1975: I was living in Seattle and was named to a committee to choose a contractor/consultant to look at Seattle’s energy needs for the next 15 years. After selecting a consultant, the City Council asked if we would like to continue to oversee the work of the consultant. We did and added several more citizens to our committee. The reason for the study? Seattle was being pushed to join the Public Utility Districts in completing and financing additional nuclear plants in Eastern Washington. The new generation (no pun intended) of plants was to be named WPPSS for Washington Public Power Supply System. There was a lot of pressure because Seattle’s population brought the majority of the monies to complete this project. The committee broke down and we all studied different facets of the study. At the end, in February of 1976, the report titled “Energy 1990” was finished and presented to the City Council and the Mayor. We said NO! Our finding indicated that if Seattle instituted an aggressive conservation program there would be no need for WPPSS 3 and 4. What a concept! Whoops!
Podcast Powered By Podbean Download this episode (right click and save) Nuclear Weapons Accidents Of The Past Podcast: Play in new window | Download (0.0KB) | Embed
Podcast Powered By Podbean Download this episode (right click and save) SolarTimes editor Sandy LeonVest (www.solartimes.org) in conversation with progressive journalist and author extraordinaire, David Swanson. They talk about his latest book, “WAR IS A LIE,” in which Swanson fearlessly debunks the mythology of war. They also talk about ongoing …
Podcast Powered By Podbean Download this episode (right click and save) Deborah reports the news about a very naughty shitzu dog biting the nose off the home depot greeter last week. A few tips to ‘green’ your pet care and products. Today’s show is all about rescue and the gratitude …
Podcast Powered By Podbean Download this episode (right click and save) Health Updates: Watermelon, cleansing formula; grapes vs fat, diabetes; pre-diabetes, pre-hypertension and reduced vitamin D level; pet health; hospital super-infections. Commentaries: A generation’s vanity heard thru song lyrics-1980-2007- trend to hostility and narcissism; “What it feels like when a …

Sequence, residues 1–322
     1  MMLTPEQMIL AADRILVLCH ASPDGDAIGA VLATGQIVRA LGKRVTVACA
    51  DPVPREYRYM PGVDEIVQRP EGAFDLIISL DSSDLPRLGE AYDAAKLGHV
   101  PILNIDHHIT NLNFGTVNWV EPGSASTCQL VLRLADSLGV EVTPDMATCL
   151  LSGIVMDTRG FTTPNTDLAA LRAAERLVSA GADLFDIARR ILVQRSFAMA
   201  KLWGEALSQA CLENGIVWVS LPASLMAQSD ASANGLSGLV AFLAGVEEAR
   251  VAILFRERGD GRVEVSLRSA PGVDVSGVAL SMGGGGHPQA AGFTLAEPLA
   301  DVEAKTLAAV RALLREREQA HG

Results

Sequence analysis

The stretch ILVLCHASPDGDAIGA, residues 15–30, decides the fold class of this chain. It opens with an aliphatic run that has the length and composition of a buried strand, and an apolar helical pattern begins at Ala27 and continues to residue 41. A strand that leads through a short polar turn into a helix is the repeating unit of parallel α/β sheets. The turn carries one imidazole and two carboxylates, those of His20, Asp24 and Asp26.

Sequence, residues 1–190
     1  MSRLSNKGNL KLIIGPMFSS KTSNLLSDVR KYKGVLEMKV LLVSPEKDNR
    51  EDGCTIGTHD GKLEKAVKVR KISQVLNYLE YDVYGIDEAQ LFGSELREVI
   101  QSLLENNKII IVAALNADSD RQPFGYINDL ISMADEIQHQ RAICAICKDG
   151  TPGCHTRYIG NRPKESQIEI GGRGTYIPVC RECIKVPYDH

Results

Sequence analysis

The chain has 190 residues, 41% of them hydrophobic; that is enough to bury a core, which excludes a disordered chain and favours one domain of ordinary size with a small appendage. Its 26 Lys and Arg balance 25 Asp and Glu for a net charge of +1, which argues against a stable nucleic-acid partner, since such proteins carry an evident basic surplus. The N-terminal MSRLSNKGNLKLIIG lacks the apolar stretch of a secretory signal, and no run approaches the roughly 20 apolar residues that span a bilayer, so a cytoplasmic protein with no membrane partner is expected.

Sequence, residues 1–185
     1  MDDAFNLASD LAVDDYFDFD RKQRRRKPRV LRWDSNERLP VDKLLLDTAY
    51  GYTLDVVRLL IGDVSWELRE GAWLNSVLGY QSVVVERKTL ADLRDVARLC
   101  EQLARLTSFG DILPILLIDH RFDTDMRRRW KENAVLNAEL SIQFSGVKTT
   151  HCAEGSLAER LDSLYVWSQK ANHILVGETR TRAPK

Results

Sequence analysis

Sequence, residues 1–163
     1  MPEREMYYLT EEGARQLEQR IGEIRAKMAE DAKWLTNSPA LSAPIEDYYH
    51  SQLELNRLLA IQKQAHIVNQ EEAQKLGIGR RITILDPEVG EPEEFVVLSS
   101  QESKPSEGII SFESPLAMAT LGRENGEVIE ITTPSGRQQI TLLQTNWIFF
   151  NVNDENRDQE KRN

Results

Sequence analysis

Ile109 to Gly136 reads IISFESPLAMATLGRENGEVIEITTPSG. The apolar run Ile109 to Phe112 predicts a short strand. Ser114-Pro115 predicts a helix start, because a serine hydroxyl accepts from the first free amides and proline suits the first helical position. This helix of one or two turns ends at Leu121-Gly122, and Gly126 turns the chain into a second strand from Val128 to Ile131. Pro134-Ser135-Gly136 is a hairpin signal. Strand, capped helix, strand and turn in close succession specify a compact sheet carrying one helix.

Podcast Powered By Podbean Download this episode (right click and save) Lawrence Grouse, MD is the clinical Assistant Professor at the Department of Neurology at the University of Washington School of Medicine. Grouse was Executive Producer, Series Host and creator of Cable Health Network (now called Lifetime Television) along with Arthur …
Podcast Powered By Podbean Download this episode (right click and save) Jacque Fresco, legendary futurist sees clean energy essential to a resource-based economy, an abundant society where everyone contributes and everyone gains. There is more to it as well, when you consider efficient housing, life goals and participation. Fresco at …
Sunday, April 24, 2011 by the Los Angeles Times
by Noam N. Levey and Kim Geiger
WASHINGTON — Despite mounting calls for greater transparency, only a few of the country’s 75 leading energy, healthcare and financial services corporations fully disclose political spending, according to a review of company records and state and federal campaign finance reports.
While complying with legal requirements to report direct donations to candidates, the vast majority of these companies — many of which are seeking legislative favors from the new Congress — do not reveal information even to their shareholders about support for politically active trade associations like the U.S. Chamber of Commerce.
Groups such as the chamber, some of which spend millions of dollars on elections, are not required to reveal their financial supporters. And companies are not required to report their donations to those groups.